מרכז סיפורי עם ופולקלור
C. F. F
NCE upon a time there was a road, and every one who travelled along it died. Some folk said they were killed by a snake, others said by a scorpion, but certain it is they all died.
Now a very old man was travelling along the road, and being tired, sat down on a stone to rest; when suddenly, close beside him, he saw a scorpion as big as a cock, which, while he looked at it, changed into a horrible snake. He was wonderstruck, and as the creature glided away, he determined to follow it at a little distance, and so find out what it really was.
So the snake sped on day and night, and behind it followed the old man like a shadow. Once it went into an inn, and killed several travellers; another time it slid into the King's house and killed him. Then it crept up the waterspout to the Queen's palace, and killed the King's youngest daughter. So it passed on, and wherever it went the sound of weeping and wailing arose, and the old man followed it, silent as a shadow.
Suddenly the road became a broad, deep, swift river, on the banks of which sat some poor travellers who longed to cross over, but had no money to pay the ferry. Then the snake changed into a handsome buffalo, with a brass necklace and bells round its neck, and stood by the brink of the stream. When the poor travellers saw this, they said, 'This beast is going to swim to its home across the river; let us get on its back, and hold on to its tail, so that we too shall get over the stream.'
Then they climbed on its back and held by its tail, and the buffalo swam away with them bravely; but when it reached the middle, it began to kick, until they tumbled off, or let go, and were all drowned.
When the old man, who had crossed the river in a boat, reached the other side, the buffalo had disappeared, and in its stead stood a beautiful ox. Seeing this handsome creature wandering about, a peasant, struck with covetousness, lured it to his home. It was very gentle, suffering itself to be tied up with the other cattle; but in the dead of night it changed into a snake, bit all the flocks and herds, and then, creeping into the house, killed all the sleeping folk, and crept away. But behind it the old man still followed, as silent as a shadow.
Presently they came to another river, where the snake changed itself into the likeness of a beautiful young girl, fair to see, and covered with costly jewels. After a while, two brothers, soldiers, came by, and as they approached the girl, she began to weep bitterly.
'What is the matter?' asked the brothers; 'and why do you, so young and beautiful, sit by the river alone?'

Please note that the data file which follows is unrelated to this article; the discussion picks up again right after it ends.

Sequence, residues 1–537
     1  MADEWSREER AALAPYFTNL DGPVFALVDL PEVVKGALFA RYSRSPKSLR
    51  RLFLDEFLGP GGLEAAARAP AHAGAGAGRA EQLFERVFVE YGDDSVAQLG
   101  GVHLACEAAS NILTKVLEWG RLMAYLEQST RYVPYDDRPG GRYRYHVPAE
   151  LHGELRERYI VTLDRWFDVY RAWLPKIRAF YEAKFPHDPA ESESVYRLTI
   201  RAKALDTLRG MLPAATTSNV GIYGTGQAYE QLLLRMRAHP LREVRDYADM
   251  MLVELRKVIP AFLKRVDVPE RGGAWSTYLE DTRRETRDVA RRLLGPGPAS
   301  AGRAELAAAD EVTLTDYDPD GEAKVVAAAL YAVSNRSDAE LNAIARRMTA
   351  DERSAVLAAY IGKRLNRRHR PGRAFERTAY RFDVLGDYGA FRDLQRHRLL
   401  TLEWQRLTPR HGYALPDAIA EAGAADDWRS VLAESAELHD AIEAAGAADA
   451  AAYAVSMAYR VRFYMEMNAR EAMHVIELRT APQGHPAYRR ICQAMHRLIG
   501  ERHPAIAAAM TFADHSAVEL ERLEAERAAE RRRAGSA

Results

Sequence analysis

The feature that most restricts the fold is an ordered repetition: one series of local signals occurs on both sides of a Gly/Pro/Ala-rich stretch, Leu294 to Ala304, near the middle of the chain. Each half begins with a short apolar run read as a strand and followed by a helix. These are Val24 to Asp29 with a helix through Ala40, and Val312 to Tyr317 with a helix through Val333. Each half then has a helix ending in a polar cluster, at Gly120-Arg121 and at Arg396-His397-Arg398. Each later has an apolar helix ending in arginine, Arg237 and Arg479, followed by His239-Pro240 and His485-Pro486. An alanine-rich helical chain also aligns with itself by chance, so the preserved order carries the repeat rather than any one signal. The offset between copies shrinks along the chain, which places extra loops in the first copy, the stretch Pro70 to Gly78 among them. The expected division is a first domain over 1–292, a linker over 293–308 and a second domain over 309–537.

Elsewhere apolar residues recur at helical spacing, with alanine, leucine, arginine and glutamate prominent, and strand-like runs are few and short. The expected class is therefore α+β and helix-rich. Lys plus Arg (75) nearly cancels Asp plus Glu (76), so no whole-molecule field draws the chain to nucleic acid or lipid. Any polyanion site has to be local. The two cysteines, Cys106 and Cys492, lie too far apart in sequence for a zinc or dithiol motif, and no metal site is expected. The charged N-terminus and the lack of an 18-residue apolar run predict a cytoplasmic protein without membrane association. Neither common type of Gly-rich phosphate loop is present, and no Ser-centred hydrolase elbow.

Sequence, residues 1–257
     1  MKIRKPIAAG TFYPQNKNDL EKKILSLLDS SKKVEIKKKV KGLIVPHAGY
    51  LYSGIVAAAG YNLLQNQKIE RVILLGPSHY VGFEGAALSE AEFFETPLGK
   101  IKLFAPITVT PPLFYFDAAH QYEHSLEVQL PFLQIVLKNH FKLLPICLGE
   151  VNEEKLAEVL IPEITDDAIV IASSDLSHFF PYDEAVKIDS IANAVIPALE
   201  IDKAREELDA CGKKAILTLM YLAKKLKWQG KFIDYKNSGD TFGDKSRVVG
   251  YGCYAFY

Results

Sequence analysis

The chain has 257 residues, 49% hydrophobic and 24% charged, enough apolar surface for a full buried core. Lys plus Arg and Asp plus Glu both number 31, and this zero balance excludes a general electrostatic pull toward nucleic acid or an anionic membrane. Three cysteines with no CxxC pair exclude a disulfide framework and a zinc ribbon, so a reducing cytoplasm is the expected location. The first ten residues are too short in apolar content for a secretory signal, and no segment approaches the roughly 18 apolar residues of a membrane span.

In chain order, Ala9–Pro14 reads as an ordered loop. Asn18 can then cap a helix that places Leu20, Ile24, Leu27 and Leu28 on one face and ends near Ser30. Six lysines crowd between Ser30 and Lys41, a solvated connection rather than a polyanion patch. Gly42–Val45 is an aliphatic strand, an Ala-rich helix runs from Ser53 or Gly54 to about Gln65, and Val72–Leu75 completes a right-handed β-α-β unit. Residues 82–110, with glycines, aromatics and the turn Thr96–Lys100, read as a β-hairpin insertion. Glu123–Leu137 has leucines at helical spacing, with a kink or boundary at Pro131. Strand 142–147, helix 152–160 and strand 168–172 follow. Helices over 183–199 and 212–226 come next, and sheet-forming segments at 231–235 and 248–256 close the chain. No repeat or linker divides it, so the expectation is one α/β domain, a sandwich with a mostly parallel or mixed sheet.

Then the snake-girl answered, 'My husband was even now taking me home; and going down to the stream to look for the ferry-boat, fell to washing his face, when he slipped in, and was drowned. So I have neither husband nor relations!'
'Do not fear!' cried the elder of the two brothers, who had become enamoured of her beauty; 'come with me, and I will marry you.'
'On one condition,' answered the girl: 'you must never ask me to do any household work; and no matter for what I ask, you must give it me.'
'I will obey you like a slave!' promised the young man.
'Then go at once to the well, and fetch me a cup of water. Your brother can stay with me,' quoth the girl.
But when the elder brother had gone, the snake-girl turned to the younger, saying, 'Fly with me, for I love you! My promise to your brother was a trick to get him away!'
'Not so!' returned the young man; 'you are his promised wife, and I look on you as my sister.'
On this the girl became angry, weeping and wailing, until the elder brother returned, when she called out, 'O husband, what a villain is here! Your brother asked me to fly with him, and leave you!'
Then bitter wrath at this treachery arose in the elder brother's heart, so that he drew his sword and challenged the younger to battle. Then they fought all day long, until by evening they both lay dead upon the field, and then the girl took the form of a snake once more, and behind it followed the old man silent as a shadow. But at last it changed into the likeness of an old white-bearded man, and when he who had followed so long saw one like himself, he took courage, and laying hold of the white beard, asked, 'Who and what are you?'
Then the old man smiled and answered, 'Some call me the Lord of Death, because I go about bringing death to the world.'
'Give me death!' pleaded the other, 'for I have followed you far, silent as a shadow, and I am aweary.'
But the Lord of Death shook his head, saying, 'Not so! I only give to those whose years are full, and you have sixty years of life to come!'
Then the old white-bearded man vanished, but whether he really was the Lord of Death, or a devil, who can tell?
 Maliku'l-maut is the Muhammadan form of the name, Kâl is the Hindu form. The belief is that every living being has attached to him a 'Lord of Death.' He is represented in the 'passion plays' so common at the Dasahrâ and other festivals by a hunchbacked dwarf, quite black, with scarlet lips, fastened to a 'keeper' by a black chain and twirling about a black wand. The idea is that until this chain is loosened or broken the life which he is to kill is safe. The notion is probably of Hindu origin. For a note on the subject see Indian Antiquary, vol. x. pp. 289, 290.